drive

The winners, if you want to call them that, are hands down Amazon Prime and Xfinity, my cable provider. And I don’t mean “winners” because I give them so much money, although that is certainly true. I mean that they have been most-used platforms this year, accounting for just over half of the movies I have watched all year. Part of the reason is because it’s so easy and there is a lot more of a selection, and the other part is because I want to try to get my money’s worth out of them, especially Xfinity, which is a ridiculous bill every month.

I think I am in the minority, at least among my friends and peers, because I have not participated in what is known in the TV industry as “cord-cutting.” Because I lived a small part of my life without cable, and I like sports and hate commercials, I get the ultimate cable package, the whole digital deluxe, high-def, DVR, talk-to-the-remote ball of wax. And I like it. I kind of wish I didn’t, really, because it is a lot of money, and I’m sure if something happened, like Trump took everybody’s cable away to help pay for World War III, I could live without it (until he blows up the world), but for now, I don’t need to find out what a cable-less life would be like. Besides, when Trump does do something stupid with North Korea, I’m going to want CNN.

patrick-chappatte---nzzas

The other platforms, other than actual theaters, Netflix, Hulu, Google Play, all were used about the same amount, surprisingly. I have watched six movies on Google Play, and it probably would be more if they had more sales (Two of them were $.99 and one was $1.99). Google does seem to have the best variety, but I don’t have the budget to pay $4.99 and up for all the movies I want to see. Which is why I should be using Netflix more, since I already pay for that. Unfortunately, they have a much smaller selection, indicated by the fat that I have only watched seven movies on there this year. I actually watched ten on Hulu, but mostly because they had some originals I wanted to see, and I also wanted to get my money’s worth. (I just realized I talk a lot about money in this post. I must be cheap.)

After a hundred movies and counting, though, I will say this for sure: in my opinion, the best way to watch a movie is in a theater. While I have watched many more movies digitally, I have watched most of them on my couch. I have, however, ventured out to eight different venues to see some really good movies. Just in the last few weeks, I’ve seen a beautifully shot movie in 70mm (Dunkirk), I went to a drive-in, and I had a hilarious exchange with the guy next to me while seeing Atomic Blonde. During an intense action scene, “I Ran (So Far Away)” by Flock of Seagulls was playing on the soundtrack, and the wife of the guy who was sitting next to me takes out her phone to use that app that can hear songs and tell you what they are (I mean, who doesn’t know that song? These people weren’t youngsters.) I politely motioned for her to put the phone away because it was distracting, and the guy turned to me and said, “What’s the problem? She’s just trying to find out the name of the song!” I told him, in so many words, that was, in fact, my problem.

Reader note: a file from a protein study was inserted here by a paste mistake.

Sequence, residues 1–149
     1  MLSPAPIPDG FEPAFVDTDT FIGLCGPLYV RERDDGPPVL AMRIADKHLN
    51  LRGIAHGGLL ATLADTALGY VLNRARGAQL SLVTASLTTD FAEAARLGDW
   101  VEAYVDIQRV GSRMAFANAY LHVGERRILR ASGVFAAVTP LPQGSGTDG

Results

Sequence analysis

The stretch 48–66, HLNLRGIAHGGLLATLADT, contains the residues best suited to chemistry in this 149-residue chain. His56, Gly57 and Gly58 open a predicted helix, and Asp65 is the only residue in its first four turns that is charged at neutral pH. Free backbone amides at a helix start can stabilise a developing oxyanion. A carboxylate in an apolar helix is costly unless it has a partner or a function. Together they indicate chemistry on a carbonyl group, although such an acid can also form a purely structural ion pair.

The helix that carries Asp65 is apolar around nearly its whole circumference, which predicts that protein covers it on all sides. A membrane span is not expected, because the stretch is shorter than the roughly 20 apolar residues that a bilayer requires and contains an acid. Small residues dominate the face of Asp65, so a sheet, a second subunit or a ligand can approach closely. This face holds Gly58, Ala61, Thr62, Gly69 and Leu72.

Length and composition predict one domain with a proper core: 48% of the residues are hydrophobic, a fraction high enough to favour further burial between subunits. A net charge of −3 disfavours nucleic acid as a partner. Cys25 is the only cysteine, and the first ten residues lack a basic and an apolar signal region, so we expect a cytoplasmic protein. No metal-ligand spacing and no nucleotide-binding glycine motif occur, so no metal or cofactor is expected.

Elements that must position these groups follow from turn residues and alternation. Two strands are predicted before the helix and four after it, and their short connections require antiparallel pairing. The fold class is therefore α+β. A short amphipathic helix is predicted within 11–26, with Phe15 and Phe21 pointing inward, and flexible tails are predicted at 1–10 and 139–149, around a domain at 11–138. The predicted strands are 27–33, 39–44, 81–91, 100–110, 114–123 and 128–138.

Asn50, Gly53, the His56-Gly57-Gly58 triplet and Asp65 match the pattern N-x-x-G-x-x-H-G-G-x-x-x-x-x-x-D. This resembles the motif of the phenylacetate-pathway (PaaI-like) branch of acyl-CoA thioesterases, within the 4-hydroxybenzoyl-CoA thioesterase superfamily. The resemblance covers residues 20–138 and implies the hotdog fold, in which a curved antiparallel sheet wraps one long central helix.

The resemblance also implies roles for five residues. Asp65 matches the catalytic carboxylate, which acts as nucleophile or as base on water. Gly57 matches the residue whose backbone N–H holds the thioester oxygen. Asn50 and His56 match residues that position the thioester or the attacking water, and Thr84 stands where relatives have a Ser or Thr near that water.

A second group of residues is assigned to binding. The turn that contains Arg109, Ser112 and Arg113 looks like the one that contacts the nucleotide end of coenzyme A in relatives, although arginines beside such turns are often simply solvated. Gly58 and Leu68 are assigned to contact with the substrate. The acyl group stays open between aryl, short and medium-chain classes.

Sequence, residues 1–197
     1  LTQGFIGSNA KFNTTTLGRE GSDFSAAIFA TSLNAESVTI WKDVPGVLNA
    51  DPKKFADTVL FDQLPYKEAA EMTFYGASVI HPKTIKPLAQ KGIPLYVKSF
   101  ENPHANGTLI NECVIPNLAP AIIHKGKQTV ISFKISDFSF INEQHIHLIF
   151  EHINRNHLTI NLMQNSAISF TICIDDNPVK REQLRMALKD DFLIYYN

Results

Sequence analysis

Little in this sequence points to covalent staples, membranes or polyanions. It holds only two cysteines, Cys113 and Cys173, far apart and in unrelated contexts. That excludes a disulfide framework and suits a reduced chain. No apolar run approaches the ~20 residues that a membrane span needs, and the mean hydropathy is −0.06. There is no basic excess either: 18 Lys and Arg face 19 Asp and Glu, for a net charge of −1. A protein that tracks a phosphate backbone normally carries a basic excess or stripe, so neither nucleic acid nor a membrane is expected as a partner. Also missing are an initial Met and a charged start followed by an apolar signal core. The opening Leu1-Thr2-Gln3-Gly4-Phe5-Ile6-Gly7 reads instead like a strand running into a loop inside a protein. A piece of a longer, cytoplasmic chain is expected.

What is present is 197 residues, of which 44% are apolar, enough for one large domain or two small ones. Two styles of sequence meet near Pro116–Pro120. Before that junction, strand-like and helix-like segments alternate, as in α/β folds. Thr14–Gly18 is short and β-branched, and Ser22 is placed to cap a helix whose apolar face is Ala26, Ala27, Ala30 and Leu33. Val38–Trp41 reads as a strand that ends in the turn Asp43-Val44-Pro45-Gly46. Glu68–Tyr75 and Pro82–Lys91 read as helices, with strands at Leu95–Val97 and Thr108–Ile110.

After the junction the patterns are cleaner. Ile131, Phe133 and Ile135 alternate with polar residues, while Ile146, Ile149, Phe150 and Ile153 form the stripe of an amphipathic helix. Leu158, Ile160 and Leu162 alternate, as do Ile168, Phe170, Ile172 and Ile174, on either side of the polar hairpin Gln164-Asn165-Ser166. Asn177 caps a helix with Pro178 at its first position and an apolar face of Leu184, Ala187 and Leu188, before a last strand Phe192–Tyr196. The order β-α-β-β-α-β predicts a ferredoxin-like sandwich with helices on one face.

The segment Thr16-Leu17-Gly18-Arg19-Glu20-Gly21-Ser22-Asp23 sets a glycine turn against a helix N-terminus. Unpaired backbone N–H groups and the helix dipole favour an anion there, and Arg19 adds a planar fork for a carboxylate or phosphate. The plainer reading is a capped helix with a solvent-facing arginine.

Despite incidents like that, I really like going to the movies, and that’s why stuff like that bothers me so much.  It’s not enough to say, “Please silence your cell-phones.” The message at the beginning needs to be something like, “Take out your phone for anything other than a medical emergency, and you will be expelled, possibly without your phone. And pants.” Something to get people’s attention.

take ass out

I really wish they would open an Alamo Drafthouse near me.

Movies Since Last Post: 

Slumdog Millionaire
Bull Durham
The Shallows
Mike & Dave Need Wedding Dates
Sound City
Rise of the Planet of the Apes
Spider-Man: Homecoming
Baby Driver
The Matrix
Dawn of the Planet of the Apes

It’s been almost a month since my last post, and I only watched 10 movies in that time. Granted, there was a holiday in there, but I’m not making excuses. I’m at 86 movies, but I really need to be better. The very fact that I watched Mike and Dave Need Wedding Dates will tell you that fatigue is setting in.